Since November 24, protests have been raging across the nation in response to the non-indictments of police officers Darren Wilson, who fatally shot unarmed black teenager, Mike Brown, and Daniel Pantaleo, who strangled an unarmed black man, Eric Garner, to death in New York City on camera. We believe the media has covered the protests in a way that exaggerates their violence and has minimized their significance. Here are six myths about a large demonstration in San Francisco that took place on Black Friday, followed by what actually happened.
Myth 1: the Media Said the Protest Became an Ugly, Violent Riot
Ugly. Violent. Riots. Looting. Cowering shoppers. Frightened crowds. That's what Americans heard about the Black Friday march in San Francisco from the media.
But how violent was the protest really? The answer: not very. Only a tiny minority of the people present was involved in property damage or assault. And those moments were vastly outweighed by long periods of peaceful marching.
You might think it's hard to estimate how much of the protest involved criminality. But we're going to try, based on a minute-by-minute report of the four-hour protest by San Francisco-based freelance journalist Sam-Omar Hall, eyewitness accounts (including from us), and from information released by San Francisco Chief of Police Greg Suhr.
In the five incidents of vandalism and violence in Union Square, an estimated 9 people were involved, out of about 400 protesters — in other words, just 2 percent of those participating. The incidents took place over a span of about 15 minutes, starting at 6:43 p.m. — the only time during which vandalism occurred in the first two hours of the march.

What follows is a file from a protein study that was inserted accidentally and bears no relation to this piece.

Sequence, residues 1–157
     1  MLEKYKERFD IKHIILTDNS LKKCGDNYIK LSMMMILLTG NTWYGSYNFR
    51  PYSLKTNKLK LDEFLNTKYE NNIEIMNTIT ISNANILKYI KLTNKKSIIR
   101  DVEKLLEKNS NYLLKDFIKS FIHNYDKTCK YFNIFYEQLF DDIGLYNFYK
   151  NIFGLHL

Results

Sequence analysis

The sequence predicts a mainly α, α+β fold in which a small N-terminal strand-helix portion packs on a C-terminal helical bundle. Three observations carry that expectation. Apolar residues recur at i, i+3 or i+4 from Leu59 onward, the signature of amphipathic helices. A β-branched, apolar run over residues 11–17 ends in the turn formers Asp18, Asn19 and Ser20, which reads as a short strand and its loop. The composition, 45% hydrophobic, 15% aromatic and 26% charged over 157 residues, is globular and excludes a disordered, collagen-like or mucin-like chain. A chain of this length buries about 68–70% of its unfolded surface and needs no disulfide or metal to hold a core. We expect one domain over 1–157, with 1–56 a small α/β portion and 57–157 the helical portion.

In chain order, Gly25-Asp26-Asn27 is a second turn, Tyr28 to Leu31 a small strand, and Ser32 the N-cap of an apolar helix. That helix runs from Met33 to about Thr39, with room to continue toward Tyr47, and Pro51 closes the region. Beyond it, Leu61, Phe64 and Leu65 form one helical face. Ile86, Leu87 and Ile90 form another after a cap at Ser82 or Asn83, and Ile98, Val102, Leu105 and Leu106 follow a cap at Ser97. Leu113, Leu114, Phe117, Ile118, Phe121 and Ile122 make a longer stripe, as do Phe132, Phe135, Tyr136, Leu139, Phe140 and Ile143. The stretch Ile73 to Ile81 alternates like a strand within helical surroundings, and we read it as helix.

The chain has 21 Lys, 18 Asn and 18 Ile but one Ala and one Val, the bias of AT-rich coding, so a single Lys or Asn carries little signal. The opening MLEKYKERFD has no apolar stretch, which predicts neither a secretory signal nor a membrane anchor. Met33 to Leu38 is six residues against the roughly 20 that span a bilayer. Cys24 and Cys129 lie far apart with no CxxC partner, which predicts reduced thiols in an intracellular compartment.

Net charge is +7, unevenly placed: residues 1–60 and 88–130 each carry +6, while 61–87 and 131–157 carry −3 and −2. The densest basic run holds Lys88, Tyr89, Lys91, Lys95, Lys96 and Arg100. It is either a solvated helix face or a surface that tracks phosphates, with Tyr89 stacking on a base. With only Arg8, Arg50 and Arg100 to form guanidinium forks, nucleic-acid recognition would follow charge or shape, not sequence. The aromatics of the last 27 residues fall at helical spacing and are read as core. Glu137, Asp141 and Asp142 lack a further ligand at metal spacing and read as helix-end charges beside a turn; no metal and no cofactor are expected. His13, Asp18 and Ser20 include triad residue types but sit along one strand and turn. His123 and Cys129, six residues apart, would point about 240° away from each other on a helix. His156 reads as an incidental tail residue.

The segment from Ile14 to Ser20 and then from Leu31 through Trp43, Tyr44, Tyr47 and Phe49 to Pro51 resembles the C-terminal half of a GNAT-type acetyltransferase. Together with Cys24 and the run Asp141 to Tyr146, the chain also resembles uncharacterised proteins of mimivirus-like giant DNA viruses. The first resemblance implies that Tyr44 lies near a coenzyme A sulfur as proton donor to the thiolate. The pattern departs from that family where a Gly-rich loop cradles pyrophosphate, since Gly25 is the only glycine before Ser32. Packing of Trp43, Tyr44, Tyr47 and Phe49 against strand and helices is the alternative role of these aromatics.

Over the next two hours, in the Mission District, about nine isolated incidents of vandalism and violence took place during a span of about 20 to 30 minutes. In all, the four-hour protest involved isolated incidents of criminal behavior over about 35 to 45 minutes — far from the "riot" described by the media.
For comparison, let's look back to earlier this fall, when the San Francisco Giants won the World Series. Rioting sports fans in the Mission District damaged 28 Muni buses; lit street bonfires on couches, trash cans, mattresses, and Lyft's pink mustaches; smashed five police vehicles; and shot guns, wounding two people. The damage to Muni alone totaled at least $140,000. Despite the far greater intensity of property damage and violence, police only made forty arrests — half the number made on Black Friday.
Myth 2: There Was Indiscriminate Looting
In reality, property damage was targeted at major chain stores and upscale businesses. Stores damaged included Macy's, Bank of America, Simayof Jewelers, McDonald's, RadioShack, and Beretta — an upscale restaurant on Valencia Street.
What are the common denominators of these targets? They're either large national chains or symptoms of gentrification.
Myth 3: Police Arrested 79 Vandals
In reality, police did not arrest any vandals. In a press conference last week, San Francisco Police Chief Greg Suhr concluded his statement by saying that "All told that night, we made 79 arrests."
But Suhr did not specify why the 79 people were arrested, leaving the journalists present with the impression that 79 arrests were made in response to violence and vandalism.
A later question, however, blew that idea to shreds. In response to a media question about how many arrests were made in regard to vandalism, Suhr admitted, "We have no arrests for vandalism."
In fact, of the 79 arrested, all but 4 were cited and released for misdemeanors unrelated to assault or vandalism. Of the four booked into jail, two were for outstanding warrants, leaving only 2 arrests that had anything to do with violence that night.
But of the 9 news reports of the press conference, only 2 mentioned that none of the 79 arrests were for vandalism.
Myth 4: Police Acted Legally Throughout
In reality, police mass-arrested seventy people on legally dubious grounds. Starting at about 9:45 p.m., police silently arrested around seventy protesters who were trapped and huddled together on Liberty Street. The arrests occurred over a period of about two hours.